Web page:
Apple revamps mobile ads with retargeting options

Apple’s release of its new mobile operating system last month came with an overlooked gift for marketers: the ability to retarget ads based on users’ in-app browsing behaviors.

According to ad agencies, Apple is actively pitching the new capability as a way to effectively solve the mobile cookie problem.

Say, for example, a visitor to a retailer’s iPhone app adds a pair of shoes to his cart but ultimately decide not to buy it. In this scenario, the retailer will now be able to retarget that user with an ad for that exact pair — even in another app on his iPad. When tapped, the ad would direct him back to his abandoned checkout page and automatically add the shoes to his online shopping cart.

“One of the big limitations of not just iAd, but the entire iOS ecosystem, is that cookies don’t work,” said Eric Franchi, co-founder of cross-device ad network Undertone. IOS is the operating system on which Apple devices run. “If Apple can bring very advanced targeting combined with e-commerce, it will be incredibly powerful.”

E-commerce companies are a particular focus for the new feature as it enables them to retarget users across Apple devices based on items they have previously expressed interest in. E-commerce apps can also track the items shoppers add to their digital wishlists and send ads for those items when they go on sale, and target ads based upon a person’s shopping history.

Cross-device retargeting should help iAd. With just a 2.6 percent share of the U.S. mobile ad market, Apple lags behind Google (37.7 percent), Facebook (17.9 percent), Twitter (3.5 percent), Pandora (2.9 percent) and YP (2.7 percent), according to research firm eMarketer. The iAd business, rolled out in 2010, has not exactly set the ad world ablaze. Mobile ads remain a sidelight for the company.

Apple’s primary motivation for maintaining iAd is to entice app publishers into developing apps for its devices, as advertising is tangential to Apple’s business. Apple shares a majority (70 percent) of iAd revenue with app publishers using the network, and its projected mobile ad revenue for all of 2014 — $487.1 million, per eMarketer — is just 1.3 percent of the revenue Apple earned in the third quarter alone.

Still, with retargeting capability, Apple is wading into one of the hottest areas of digital advertising. Standalone retargeters like Criteo have done well, and much of Facebook’s programmatic ad business is premised on retargeting. In its early stumbles with iAd, Apple based most of its pitch on iAd being a premium brand advertising product — with a matching price point. The addition of retargeting will allow it to cater to performance advertising goals.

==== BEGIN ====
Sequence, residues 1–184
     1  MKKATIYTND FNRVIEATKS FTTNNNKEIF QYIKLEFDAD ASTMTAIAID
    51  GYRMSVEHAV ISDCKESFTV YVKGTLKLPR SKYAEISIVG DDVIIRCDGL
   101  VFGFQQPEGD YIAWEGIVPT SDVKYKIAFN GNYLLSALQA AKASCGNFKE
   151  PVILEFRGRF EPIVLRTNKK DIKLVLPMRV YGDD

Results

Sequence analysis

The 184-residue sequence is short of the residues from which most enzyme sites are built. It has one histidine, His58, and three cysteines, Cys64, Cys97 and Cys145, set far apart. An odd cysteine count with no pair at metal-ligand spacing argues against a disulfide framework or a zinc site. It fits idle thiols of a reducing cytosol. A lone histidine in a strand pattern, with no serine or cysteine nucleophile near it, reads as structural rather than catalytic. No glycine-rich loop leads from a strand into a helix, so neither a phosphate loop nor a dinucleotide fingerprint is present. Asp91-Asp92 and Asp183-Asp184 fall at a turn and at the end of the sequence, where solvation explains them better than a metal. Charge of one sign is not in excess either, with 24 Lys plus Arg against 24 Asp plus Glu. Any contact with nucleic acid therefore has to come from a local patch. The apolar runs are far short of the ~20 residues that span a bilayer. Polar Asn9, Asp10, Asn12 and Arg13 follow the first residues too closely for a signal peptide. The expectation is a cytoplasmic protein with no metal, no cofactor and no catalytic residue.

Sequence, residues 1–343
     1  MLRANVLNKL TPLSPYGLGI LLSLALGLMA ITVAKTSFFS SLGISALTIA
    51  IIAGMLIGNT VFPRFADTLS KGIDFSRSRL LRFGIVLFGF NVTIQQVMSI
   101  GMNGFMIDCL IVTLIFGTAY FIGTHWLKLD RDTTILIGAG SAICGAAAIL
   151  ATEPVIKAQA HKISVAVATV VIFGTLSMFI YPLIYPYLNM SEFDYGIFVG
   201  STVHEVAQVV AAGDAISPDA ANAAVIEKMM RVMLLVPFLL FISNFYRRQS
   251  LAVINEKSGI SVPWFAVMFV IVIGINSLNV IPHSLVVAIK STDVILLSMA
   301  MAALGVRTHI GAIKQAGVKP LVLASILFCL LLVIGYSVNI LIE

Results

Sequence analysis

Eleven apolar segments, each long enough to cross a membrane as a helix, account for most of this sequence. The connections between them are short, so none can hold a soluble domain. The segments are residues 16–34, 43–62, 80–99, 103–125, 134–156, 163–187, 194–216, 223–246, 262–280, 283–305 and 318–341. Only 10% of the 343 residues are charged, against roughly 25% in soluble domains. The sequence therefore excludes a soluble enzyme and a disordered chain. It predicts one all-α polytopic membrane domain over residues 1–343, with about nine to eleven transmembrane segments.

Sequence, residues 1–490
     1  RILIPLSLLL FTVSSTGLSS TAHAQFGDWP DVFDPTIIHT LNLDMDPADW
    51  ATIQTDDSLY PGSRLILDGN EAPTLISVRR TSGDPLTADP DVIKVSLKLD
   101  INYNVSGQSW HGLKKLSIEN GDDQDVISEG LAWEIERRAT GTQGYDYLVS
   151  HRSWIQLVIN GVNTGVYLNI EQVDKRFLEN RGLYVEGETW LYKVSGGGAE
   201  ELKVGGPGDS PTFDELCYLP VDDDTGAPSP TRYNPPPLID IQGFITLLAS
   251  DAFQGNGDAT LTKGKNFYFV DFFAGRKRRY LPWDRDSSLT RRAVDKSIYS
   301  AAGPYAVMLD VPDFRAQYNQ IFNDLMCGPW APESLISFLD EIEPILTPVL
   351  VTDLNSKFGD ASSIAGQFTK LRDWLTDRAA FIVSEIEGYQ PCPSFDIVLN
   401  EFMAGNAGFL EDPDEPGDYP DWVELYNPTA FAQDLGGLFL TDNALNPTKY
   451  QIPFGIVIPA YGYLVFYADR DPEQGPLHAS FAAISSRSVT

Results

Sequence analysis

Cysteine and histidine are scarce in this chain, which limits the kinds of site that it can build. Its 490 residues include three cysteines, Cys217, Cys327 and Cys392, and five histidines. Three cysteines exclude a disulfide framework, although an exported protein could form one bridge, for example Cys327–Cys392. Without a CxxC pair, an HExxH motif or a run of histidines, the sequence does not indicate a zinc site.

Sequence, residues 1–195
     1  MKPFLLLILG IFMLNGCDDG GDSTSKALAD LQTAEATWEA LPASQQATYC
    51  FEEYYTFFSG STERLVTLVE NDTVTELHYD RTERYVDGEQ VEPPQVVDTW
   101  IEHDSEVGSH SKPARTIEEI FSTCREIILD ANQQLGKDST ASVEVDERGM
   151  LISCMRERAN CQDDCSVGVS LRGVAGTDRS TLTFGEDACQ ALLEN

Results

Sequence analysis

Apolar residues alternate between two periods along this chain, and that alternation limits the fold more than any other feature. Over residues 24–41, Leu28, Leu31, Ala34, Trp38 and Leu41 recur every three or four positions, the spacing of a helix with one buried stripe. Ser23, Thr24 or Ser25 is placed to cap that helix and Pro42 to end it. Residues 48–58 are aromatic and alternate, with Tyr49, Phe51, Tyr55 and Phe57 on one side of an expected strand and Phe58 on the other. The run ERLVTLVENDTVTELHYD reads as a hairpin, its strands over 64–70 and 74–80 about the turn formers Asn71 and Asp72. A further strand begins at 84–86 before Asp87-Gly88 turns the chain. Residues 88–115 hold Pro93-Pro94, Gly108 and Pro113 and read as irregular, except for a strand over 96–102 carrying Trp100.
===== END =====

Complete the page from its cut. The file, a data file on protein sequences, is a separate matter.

Apple declined a request to comment for this piece.

The iAd development is alluring for marketers looking to retarget users on mobile devices where cookies are functionally irrelevant. Plenty of companies — most notably Facebook, Google and Twitter — are looking to solve this problem by turning their users’ profiles into universal advertising identifiers for targeting and attribution purposes.

Jeremy Lockhorn, mobile lead at digital agency Razorfish, said iAd retargeting is also useful for mobile game developers. Games will be able to serve ads to users who haven’t played in a given period of time, or to entice active users to make in-app purchases for special features.

“This is huge for any app developer that’s monetizing off of iAd,” Lockhorn said.

Retargeting became available when Apple rolled out iOS 8, the latest version of its mobile operating system, in early September, but the iAd sales team has more proactively pitched it only recently, presumably to cash in on the deluge of e-commerce marketing spend that comes with each holiday season.

While ad agency execs are excited about the new possibilities, Apple has shown little desire to make advertising a core part of its business. What’s more, Apple CEO Tim Cook wrote the following in September in an open letter to customers: “Our business model is very straightforward: We sell great products. We don’t build a profile based on your email content or Web browsing habits to sell to advertisers. We don’t “monetize” the information you store on your iPhone or in iCloud.”

Apple does let iPhone users reset the advertising identifier used to serve them targeted ads via iAd, thus erasing all previously held information. Users interested in doing so can find the option by selecting “Settings,” then “Privacy” and then “Advertising” on their phones.

Image via Shutterstock

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